The amount of data encoded within the human genome – the body’s complete set of genetic instructions – is astounding. The genome not only contains the information necessary to build an organism from the ground up, but also determines how we grow and develop over the course of our lifespan. Each one of our 100,000,000,000,000 cells contains the DNA that determines this process.

DNA Structure

The structure of DNA itself is fascinating and complex. Located within the nucleus, DNA is defined as the chemical code for the human body. DNA is made up of a vast amount of nucleotide bases – chemically speaking, a nucleoside linked to a phosphate group – that provide both the structure and function of the DNA itself. These bases include adenine, guanine, thymine, and cytosine.

Arranged in a very specific coding pattern, nucleotides form single strands of nucleic acid. To fit inside the nucleus of a human cell, DNA coils tightly into chromosomes. Interactions between the chromosomes – particularly on the telomere – keep DNA further coiled into its familiar double helix.

What Is the Telomere and What Does It Do?

The telomere is the very tip of a chromosome. If you picture a chromosome as a rather lopsided “X”, you can imagine these sections of DNA at both ends of each chromosome, on all four tips. Telomeres always consist of the same sequence of nucleotide bases over and over again; for humans, thymine (T), guanine (G), and adenine (A) repeat, forming the same TTAGGG sequence anywhere from 3,000 to 15,000 times.

The telomere has a wide number of vital functions. Functions include:

  • Protecting the ends of the chromosome. Much like a cap, the telomere protects the rest of the chromosome from interacting with other, nearby chromosomes.
  • Allowing proper replication. During DNA replication, part of each chromosome is lost. The telomere supplies all the bases lost, preventing other parts of DNA from being affected. Without telomeres, entire genes would be lost or eroded during repeated replication.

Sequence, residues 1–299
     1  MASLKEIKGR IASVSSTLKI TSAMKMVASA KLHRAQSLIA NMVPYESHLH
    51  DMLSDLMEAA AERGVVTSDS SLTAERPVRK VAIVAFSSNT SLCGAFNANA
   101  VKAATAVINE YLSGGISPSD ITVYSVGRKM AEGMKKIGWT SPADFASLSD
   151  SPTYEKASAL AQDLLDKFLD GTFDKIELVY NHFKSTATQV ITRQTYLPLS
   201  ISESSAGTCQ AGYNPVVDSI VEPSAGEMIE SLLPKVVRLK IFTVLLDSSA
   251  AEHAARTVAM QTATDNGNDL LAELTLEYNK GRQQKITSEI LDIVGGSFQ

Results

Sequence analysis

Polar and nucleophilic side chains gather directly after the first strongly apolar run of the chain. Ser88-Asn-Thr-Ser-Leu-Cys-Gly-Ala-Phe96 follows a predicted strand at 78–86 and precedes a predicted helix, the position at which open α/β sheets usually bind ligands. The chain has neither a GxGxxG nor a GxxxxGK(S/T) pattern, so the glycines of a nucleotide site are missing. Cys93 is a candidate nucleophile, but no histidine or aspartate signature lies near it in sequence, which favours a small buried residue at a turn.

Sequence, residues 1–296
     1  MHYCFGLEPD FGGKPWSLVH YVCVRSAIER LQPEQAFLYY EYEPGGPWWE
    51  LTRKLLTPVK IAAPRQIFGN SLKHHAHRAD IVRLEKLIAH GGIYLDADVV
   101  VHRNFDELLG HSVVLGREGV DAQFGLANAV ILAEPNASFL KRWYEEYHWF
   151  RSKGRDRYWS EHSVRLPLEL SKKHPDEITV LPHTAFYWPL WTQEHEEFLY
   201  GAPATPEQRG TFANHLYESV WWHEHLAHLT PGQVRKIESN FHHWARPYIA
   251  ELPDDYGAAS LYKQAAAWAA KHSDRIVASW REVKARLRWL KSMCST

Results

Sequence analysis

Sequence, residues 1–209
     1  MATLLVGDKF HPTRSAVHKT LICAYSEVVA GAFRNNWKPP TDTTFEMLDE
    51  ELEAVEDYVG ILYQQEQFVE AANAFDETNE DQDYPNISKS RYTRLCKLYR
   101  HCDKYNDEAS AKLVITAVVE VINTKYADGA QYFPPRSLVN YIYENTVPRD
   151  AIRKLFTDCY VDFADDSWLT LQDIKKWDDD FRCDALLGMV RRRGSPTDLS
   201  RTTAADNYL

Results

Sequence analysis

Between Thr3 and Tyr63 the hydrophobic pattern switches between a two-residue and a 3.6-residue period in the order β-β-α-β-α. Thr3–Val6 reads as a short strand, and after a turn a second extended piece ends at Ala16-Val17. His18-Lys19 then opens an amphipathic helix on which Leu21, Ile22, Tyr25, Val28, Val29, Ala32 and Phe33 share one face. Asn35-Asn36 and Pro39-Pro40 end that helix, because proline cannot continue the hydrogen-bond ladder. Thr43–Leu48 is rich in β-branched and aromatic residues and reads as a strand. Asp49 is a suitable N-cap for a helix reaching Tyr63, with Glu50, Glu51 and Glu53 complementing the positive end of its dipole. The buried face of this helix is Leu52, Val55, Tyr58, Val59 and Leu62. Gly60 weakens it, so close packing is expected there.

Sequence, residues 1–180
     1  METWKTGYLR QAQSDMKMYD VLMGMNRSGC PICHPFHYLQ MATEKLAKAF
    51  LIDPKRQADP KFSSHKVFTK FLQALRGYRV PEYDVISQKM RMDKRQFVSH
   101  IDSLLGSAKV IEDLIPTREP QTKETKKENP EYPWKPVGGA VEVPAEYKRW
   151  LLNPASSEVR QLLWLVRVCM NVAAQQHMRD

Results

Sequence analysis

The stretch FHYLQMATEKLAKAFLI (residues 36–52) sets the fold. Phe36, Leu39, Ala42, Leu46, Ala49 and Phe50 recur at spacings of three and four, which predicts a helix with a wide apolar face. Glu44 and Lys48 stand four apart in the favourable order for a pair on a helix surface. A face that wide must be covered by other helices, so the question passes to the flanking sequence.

• Aside from protection, telomeres offer DNA organization, designed to keep DNA properly coiled and within the nucleus of the cell.

How Do Telomeres Function?

The functions of telomeres are made possible by the DNA and DNA-binding proteins located within. When telomere binding proteins function correctly, the bending, looping, and binding of DNA occurs without error, compacting DNA and forming the T-loops that provide protection from interaction with other chromosomes. Other proteins, known as telomerases, have enzymatic functions that restore telomeres after DNA replication.

When proteins denature, problems can occur within the telomere and affect the chromosome and the gene itself. Protein unfolding can disrupt the function of the protein and lead to the degradation of telomeres because the telomere cannot regenerate. Alternatively, disruption and unfolding of the proteins that keep DNA tightly coiled can result in the unfolding of the DNA itself.

How Can Research Help?

Ultimately, research regarding protein unfolding and its effects on the telomere can provide insights into identifying, slowing, and halting telomere degradation. Although telomeres shorten with age, identifying protein issues that speed degradation can be crucial in addressing degradation-related conditions such as heart disease, cancer, diabetes, bone marrow failure, advanced aging, and osteoporosis.